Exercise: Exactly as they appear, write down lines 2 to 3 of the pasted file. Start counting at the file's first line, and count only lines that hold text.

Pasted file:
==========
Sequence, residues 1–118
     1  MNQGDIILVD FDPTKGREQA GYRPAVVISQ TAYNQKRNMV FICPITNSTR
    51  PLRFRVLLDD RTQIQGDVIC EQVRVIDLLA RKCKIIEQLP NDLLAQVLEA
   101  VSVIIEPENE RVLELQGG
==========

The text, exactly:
     1  MNQGDIILVD FDPTKGREQA GYRPAVVISQ TAYNQKRNMV FICPITNSTR
    51  PLRFRVLLDD RTQIQGDVIC EQVRVIDLLA RKCKIIEQLP NDLLAQVLEA